Kite, Edwin

192

Recharge of the early atmosphere of Mars by impact-induced release of CO2  

NASA Technical Reports Server (NTRS)

The question as to whether high impact rates early in the history of Mars could have aided in maintaining a relatively thick CO2 atmosphere is discussed. Such impacts could have released CO2 into the atmosphere by burial, by shock-induced release during impact events, and by the addition of carbon to Mars from the impacting bolides. On the assumption that cratering rates on Mars were comparable to those of the moon's Nectarial period, burial rates are a result of 'impact gardening' at the end of heavy bombardment are estimated to have ranged from 20 to 45 m/million years; at these rates, 0.1-0.2 bar of CO2 would have been released every 10 million years as a result of burial to depths at which carbonate dissociation temperatures are encountered.

Carr, Michael H.

1989-01-01

193

Recharge of the early atmosphere of Mars by impact-induced release of CO2  

NASA Astrophysics Data System (ADS)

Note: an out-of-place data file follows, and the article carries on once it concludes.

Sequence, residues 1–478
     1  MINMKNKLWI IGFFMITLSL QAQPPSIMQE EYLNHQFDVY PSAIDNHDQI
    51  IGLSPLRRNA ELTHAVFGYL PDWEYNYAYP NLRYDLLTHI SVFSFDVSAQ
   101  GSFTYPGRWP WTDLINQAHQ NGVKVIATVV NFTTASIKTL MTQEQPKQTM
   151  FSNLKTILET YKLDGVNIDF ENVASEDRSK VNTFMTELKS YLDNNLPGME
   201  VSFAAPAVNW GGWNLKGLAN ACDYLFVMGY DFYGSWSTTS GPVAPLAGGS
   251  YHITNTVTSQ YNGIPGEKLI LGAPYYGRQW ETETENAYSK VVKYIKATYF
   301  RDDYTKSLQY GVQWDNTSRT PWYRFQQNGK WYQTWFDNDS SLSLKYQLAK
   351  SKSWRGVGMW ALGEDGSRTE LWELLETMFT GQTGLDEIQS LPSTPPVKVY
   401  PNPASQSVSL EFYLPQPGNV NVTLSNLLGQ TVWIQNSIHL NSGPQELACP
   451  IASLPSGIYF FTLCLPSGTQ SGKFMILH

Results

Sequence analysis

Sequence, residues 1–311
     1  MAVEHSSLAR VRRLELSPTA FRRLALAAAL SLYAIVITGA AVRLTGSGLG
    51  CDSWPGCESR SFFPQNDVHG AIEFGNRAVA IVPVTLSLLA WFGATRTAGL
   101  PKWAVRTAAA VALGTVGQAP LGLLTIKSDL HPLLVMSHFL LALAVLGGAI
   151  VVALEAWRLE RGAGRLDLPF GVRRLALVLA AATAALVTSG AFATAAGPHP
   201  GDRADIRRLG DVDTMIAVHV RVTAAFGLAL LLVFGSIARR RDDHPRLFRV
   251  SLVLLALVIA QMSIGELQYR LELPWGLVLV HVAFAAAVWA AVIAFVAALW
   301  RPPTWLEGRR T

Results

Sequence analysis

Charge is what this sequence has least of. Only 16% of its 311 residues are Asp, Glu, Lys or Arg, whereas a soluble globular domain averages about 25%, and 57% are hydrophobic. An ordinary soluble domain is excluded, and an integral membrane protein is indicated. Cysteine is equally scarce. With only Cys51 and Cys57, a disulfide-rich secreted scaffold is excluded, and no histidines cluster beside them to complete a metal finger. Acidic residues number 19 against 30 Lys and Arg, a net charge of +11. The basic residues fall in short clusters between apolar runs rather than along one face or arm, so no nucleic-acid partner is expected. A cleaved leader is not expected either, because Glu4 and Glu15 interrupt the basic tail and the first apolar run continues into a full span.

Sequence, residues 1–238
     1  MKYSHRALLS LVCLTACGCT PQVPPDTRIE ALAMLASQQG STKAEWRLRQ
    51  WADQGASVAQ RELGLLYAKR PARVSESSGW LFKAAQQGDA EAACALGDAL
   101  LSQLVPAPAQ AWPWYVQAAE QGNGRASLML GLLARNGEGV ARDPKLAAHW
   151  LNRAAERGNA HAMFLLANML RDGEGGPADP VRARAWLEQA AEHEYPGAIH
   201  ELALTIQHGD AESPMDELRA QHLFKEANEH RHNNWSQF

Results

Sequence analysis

The question as to whether high impact rates early in the history of Mars could have aided in maintaining a relatively thick CO2 atmosphere is discussed. Such impacts could have released CO2 into the atmosphere by burial, by shock-induced release during impact events, and by the addition of carbon to Mars from the impacting bolides. On the assumption that cratering rates on Mars were comparable to those of the moon's Nectarial period, burial rates are a result of 'impact gardening' at the end of heavy bombardment are estimated to have ranged from 20 to 45 m/million years; at these rates, 0.1-0.2 bar of CO2 would have been released every 10 million years as a result of burial to depths at which carbonate dissociation temperatures are encountered.